The end of TV as we know it

I’m normally about as anti-union as they come (and I can go on at length as to my own negative experiences with unions, although in fairness I’ve only worked for one — They tried to steal my pension, went out of their way to reduce my benefits, and attempted to have a few other goodies clawed back. Best of all, I paid union dues to fund these efforts. Thanks guys!)

However, the studios have really gone too far this time, and I’m 100% behind the writer’s guild.

Why? Well, the short version is that the agreement the studios are proposing pays out zero royalties to writers for non-traditional medias. In other words, writers get paid royalties when their work is shown on broadcast TV, cable, satellite, when DVDs are sold, etc, but NOT when

  • A project is declared unprofitable (The way Hollywood works, even Titanic was declared Not profitable — Almost nothing is actually profitable due to creative accounting tricks)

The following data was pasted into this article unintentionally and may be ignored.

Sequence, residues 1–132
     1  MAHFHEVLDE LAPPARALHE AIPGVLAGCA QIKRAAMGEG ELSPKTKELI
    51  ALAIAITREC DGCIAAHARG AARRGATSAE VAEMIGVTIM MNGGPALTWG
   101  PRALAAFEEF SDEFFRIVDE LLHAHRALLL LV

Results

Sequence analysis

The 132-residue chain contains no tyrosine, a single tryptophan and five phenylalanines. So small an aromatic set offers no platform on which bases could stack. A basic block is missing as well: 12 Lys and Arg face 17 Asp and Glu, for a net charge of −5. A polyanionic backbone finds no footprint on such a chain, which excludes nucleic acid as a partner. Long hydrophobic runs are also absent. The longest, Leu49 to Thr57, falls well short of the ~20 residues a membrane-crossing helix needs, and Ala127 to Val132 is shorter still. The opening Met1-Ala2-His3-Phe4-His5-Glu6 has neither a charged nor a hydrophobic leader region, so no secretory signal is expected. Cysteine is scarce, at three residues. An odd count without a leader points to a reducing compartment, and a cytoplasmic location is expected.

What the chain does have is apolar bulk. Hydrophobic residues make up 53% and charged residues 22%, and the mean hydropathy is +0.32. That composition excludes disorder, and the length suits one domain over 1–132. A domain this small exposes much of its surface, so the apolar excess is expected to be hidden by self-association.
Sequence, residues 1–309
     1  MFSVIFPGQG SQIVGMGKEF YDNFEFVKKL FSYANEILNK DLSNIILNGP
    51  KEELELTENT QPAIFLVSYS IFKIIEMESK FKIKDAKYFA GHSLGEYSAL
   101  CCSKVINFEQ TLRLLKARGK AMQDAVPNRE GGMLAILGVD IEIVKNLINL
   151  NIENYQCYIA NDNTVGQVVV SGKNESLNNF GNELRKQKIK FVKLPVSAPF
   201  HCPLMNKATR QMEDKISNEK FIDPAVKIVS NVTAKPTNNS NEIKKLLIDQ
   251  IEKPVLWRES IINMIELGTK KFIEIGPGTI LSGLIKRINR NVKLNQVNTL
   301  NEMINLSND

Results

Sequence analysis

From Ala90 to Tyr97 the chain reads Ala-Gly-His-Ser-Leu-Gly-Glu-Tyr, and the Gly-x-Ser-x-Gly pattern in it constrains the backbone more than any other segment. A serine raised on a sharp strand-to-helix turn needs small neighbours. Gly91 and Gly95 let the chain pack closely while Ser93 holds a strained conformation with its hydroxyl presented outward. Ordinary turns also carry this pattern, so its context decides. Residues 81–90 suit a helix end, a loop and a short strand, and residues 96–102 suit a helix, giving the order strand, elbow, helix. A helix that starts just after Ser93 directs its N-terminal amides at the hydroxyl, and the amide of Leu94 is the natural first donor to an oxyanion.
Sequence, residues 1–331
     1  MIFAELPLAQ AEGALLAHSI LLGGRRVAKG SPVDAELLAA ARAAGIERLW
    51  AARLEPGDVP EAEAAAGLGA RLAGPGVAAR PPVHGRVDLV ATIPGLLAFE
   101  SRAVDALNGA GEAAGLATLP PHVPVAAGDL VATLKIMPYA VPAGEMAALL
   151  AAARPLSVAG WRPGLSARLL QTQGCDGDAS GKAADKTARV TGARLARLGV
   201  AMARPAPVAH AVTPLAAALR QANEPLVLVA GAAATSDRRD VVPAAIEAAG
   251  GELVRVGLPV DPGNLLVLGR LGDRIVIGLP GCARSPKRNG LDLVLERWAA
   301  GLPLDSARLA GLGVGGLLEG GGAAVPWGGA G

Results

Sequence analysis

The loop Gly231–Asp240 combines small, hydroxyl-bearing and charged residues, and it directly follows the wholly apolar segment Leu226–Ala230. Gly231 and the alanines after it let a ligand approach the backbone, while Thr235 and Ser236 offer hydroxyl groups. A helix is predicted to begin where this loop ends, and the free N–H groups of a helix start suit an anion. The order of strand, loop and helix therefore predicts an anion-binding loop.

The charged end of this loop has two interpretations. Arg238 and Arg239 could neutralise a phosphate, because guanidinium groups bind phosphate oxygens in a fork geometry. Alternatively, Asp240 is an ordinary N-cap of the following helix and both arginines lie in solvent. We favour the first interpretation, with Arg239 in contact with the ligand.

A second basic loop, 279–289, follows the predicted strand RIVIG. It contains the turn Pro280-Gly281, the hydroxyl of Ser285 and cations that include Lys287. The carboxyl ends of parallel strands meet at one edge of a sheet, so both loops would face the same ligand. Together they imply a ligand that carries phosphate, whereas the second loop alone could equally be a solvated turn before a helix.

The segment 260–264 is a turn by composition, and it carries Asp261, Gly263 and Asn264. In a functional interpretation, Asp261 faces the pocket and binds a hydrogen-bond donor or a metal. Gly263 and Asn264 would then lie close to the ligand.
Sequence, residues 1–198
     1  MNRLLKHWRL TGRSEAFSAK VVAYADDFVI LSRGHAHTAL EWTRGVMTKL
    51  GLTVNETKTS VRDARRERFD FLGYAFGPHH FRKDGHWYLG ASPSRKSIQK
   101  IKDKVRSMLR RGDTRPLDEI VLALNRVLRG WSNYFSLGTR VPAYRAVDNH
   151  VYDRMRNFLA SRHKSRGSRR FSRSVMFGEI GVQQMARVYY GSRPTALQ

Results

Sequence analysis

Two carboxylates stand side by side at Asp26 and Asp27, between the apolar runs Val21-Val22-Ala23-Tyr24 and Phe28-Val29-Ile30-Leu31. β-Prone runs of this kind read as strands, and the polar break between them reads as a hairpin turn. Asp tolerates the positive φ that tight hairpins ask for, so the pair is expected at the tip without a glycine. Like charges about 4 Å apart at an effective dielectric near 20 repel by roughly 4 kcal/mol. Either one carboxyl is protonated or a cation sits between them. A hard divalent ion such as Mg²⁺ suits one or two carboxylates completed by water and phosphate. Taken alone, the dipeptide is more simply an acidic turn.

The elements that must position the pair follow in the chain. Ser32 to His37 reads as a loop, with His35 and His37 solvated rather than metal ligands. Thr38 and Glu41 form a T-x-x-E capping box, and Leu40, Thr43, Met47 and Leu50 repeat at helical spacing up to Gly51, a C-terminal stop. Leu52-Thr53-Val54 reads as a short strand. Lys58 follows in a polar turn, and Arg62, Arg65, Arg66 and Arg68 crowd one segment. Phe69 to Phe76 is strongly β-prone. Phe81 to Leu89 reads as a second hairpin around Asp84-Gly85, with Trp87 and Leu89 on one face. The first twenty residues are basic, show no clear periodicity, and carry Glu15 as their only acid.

• No payments for internet video watching
  • No payments for cellphone watching
  • No payments for webisodes
  • No payments for other media or distribution formats created in the future.

For those not keeping up, read the Writer’s Guild of America’s official position — Now obviously this is a biased viewpoint, but having read a substantial amount of information on both sides of the debate, it seems to be more or less reasonable.

So, even if it means we lose out on some kwality programming this season (or next, since the studios probably have enough scripts on hand to keep up more scripted dramas for a short time, although some of my favourite shows including The Daily Show and The Colbert Report will go off the air more or less immediately), in my opinion, it’s worth it.

One thought on “The end of TV as we know it

  1. Pingback: Writer’s strike ending soon? : The Dave

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